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Day 41 – May 14, 2022

Mile 676.2 to 702.2 (Kennedy Meadows, CA)

26.0 trail miles | 26.2 tracked miles | 3,707 ft elevation gain | 82.4 F / 28 °C

Today, the first chapter of my Pacific Crest Trail thru-hike closed. I completed the South California section of the PCT and reached Kennedy Meadows, CA, the gateway to the High Sierra Nevada mountain range.

Joe, Michael, and I left camp at 6:30am this morning, uncertain of our destination for the day. Kennedy Meadows was still 26 miles away.

The descent towards Chimney Creek was swift and easy, and we were able to refill our water bottles at the muddy, albeit still flowing stream. Then we tackled the only major ascent of the day, towards Chimney Peak.

Nothing seemed to indicate that we were getting any closer to the Sierra Nevada, California’s so called “frozen reservoir.” The parched and almost-monochrome landscapes echoed the scenery that we became used to over the last 40 days.

At the conclusion of the descent from Chimney Peak, the trail veered straight up north and the path became virtually flat. Kennedy Meadows was just 10 miles away. The promise of a gargantuan hot meal fueled us and we picked up speed, despite the scalding 99 F temperature.

Shortly after lunch, nature suddenly opened a gateway to heaven, revealing a completely different landscape. Water was flowing. Trees were gracing me with welcome shade. Rugged mountain peaks called for new adventures.

The trail followed the South Fork Kern River for a few miles. It was pure bliss. A few hikers were relaxing and swimming and I was tempted to join them, but I was eager to reach Kennedy Meadows, and I figured there would be plenty of opportunities to swim in the next few days. Besides, Joe was slightly ahead of me and we had agreed to meet at the road that marked the end of this section.

While hiking along the river, I passed the 700 mile marker, but my feeling of elation was eclipsed by the much bigger milestone that laid just ahead.

The last stretch was a bit odd. The PCT bordered private property, and ominous signs were warning hikers to stay away. Grumpy Bear’s Retreat, one of the two restaurants at Kennedy Meadows, had plastered the trail with signs advertising their services, giving me a first taste of the intense competition between Grumpy Bear’s and the General Store, the only other outlet in this tiny township.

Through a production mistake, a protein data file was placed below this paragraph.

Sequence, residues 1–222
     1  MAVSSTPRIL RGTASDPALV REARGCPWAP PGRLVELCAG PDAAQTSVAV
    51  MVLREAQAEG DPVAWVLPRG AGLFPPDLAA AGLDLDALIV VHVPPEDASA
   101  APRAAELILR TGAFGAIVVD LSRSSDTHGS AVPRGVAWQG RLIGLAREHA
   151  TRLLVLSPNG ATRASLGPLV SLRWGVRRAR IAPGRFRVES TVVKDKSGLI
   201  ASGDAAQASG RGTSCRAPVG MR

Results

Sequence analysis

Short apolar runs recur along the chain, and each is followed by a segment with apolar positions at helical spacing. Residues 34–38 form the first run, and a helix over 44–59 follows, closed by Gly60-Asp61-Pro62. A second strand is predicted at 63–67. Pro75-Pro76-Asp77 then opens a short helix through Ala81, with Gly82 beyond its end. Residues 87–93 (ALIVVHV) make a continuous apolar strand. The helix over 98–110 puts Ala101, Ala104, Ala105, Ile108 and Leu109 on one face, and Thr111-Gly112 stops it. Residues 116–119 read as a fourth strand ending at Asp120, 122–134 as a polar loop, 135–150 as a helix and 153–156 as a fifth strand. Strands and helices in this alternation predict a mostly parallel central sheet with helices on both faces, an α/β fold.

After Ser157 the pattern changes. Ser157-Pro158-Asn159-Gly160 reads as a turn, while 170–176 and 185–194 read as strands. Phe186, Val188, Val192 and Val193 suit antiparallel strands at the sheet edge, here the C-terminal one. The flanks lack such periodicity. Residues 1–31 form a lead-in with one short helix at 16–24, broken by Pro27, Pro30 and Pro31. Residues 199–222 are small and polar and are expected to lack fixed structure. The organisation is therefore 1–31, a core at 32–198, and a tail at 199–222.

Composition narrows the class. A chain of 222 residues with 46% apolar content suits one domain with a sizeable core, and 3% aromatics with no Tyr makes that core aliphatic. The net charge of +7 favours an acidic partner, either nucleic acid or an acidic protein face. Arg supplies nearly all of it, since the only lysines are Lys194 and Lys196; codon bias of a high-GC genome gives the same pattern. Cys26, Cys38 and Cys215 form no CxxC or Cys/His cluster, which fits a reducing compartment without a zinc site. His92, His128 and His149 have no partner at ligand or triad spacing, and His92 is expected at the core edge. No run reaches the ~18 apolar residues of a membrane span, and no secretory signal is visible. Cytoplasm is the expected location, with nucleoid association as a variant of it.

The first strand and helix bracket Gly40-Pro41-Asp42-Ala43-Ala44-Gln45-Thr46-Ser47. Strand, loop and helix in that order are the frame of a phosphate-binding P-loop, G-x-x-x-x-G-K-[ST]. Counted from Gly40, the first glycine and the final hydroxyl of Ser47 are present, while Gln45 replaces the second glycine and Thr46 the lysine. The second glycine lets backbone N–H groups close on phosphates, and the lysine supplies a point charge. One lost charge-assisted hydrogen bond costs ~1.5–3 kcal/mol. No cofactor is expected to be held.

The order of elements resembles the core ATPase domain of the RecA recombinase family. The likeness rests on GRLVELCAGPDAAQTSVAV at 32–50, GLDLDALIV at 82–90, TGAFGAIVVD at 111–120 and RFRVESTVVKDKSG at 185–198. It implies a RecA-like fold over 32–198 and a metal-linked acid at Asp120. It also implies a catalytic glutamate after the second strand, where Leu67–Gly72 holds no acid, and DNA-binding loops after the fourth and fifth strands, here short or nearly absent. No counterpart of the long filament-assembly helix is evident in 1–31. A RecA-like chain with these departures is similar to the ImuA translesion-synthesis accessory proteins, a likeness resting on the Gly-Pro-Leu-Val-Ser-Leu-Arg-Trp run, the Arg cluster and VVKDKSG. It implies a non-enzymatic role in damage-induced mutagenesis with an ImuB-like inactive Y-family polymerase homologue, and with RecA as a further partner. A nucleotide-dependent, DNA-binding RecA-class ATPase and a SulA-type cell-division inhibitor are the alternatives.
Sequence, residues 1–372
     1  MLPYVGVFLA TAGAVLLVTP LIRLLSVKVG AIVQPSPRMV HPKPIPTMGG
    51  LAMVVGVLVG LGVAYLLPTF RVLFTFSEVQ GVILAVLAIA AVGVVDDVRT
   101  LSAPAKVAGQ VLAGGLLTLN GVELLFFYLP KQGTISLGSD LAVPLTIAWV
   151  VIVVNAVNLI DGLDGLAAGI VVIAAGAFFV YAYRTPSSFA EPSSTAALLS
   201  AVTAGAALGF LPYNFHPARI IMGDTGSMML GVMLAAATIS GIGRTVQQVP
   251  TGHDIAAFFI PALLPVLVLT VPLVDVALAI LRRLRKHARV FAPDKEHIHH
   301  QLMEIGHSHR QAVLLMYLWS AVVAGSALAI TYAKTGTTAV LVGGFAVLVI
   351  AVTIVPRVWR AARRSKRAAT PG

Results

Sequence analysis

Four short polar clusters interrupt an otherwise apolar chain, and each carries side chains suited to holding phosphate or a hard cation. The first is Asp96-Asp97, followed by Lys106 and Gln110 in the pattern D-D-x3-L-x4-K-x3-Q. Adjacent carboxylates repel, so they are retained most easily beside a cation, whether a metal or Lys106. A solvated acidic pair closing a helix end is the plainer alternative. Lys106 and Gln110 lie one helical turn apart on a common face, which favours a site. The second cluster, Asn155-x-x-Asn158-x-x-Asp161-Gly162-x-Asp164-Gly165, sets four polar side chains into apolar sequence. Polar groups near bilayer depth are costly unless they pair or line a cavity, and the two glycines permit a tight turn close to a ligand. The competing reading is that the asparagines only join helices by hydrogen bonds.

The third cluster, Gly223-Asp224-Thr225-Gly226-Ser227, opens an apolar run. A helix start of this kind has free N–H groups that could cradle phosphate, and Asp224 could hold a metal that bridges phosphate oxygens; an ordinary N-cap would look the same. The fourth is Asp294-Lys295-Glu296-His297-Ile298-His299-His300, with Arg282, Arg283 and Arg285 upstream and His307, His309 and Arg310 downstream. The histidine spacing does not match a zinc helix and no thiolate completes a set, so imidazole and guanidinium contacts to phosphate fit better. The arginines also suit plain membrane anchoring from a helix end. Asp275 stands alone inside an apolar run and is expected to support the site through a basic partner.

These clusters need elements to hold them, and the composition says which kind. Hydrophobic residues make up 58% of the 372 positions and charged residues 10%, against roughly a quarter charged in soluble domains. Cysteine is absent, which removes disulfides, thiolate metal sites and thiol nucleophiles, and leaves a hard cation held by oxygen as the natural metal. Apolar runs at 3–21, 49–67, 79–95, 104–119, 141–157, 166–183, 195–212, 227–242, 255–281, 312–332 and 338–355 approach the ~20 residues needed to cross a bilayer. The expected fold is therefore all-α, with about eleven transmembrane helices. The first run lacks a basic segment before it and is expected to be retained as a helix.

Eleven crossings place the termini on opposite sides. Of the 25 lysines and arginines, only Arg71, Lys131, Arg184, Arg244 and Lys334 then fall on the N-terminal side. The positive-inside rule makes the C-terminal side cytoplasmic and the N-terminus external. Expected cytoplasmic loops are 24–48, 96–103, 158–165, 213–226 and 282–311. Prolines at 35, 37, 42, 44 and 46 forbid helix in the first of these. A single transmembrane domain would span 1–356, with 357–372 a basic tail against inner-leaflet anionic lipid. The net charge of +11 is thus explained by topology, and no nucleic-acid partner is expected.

Shortly before 4pm, Joe and I reunited at Sherman Pass Road, the USFS road to Kennedy Meadows.

Joe and I celebrating our arrival in Kennedy Meadows

Standing at the deserted trailhead, I felt overwhelmed with joy.

Reaching Kennedy Meadows on time is widely hailed as a major milestone on the PCT, one that can potentially determine the fate of the entire adventure. Months ago, as I was sifting through blogs, videos, and online forums, arriving at Kennedy Meadows was merely a dream or a possibility. I did it.

There were thrilling days in SoCal; there were challenging days, and there were frustrating days. But overall, I can’t imagine a smoother journey or better experience.

You’ve been pretty gentle, SoCal. You’re awfully dry, but you blessed me with mild weather, good conditions all around, and hundreds of miles of incredible vistas that will be forever etched in my memory. I was fortunate not to get injured and never once felt like quitting

According to the locals, there are actually no more than 70 residents at Kennedy Meadows, CA

I satellite messaged Grumpy Bear’s for a ride, and they promptly responded. If you’ve watched the movie Wild, you’ve seen hikers arriving at Kennedy Meadows to the cheers of fellow PCTers. That famous scene takes place at the General Store, but Grumpy’s is a more recent alternative; they hold packages for free and offer complimentary rides to the trailhead. I shipped my snow gear and other necessities to Grumpy’s prior to leaving Seattle.

Kennedy Meadows, CA (also known as “Kennedy Meadows South” on the PCT, since the High Sierra section ends at another Kennedy Meadows), is a tiny village with 70 permanent residents. The town isn’t connected to the power grid (locals use generators), and no cell phone service.

Grumpy Bear’s is a dive bar and restaurant that offers services for hikers, including package shipping and receiving, outdoor showers, laundry, and camping facilities. All services are complimentary except for Wi-Fi, which is quite expensive. While basic, the facilities are definitely a major step above what I experienced at Hikertown, and I look forward to taking a zero or two.

I added my name to the package pickup log and wrote a short thank you note for the hospitality. The employee who delivered my packages mentioned that my comment made her day. I have a sense that the staff is extremely overworked.

For dinner, I enjoyed the Triple Crown Burger, a local delicacy which comes with three beef patties, three slices of cheese, three massive fried onion rings, as well as bacon and eggs. It hit the spot. Then I had a milkshake, for good measure, as well as a salad (since, despite appearances, I’m actually very careful about my diet.)

Grumpy Bear’s legendary Triple Crown Burger

Next on the agenda is a zero or two in Kennedy Meadows. I’ll resupply, swap my desert gear for snow gear, and plan a rough itinerary for the Sierras. But the first priority tomorrow morning is the Hiker Breakfast with all-you-can-eat pancakes. Challenge accepted.

The Big Picture

3D path
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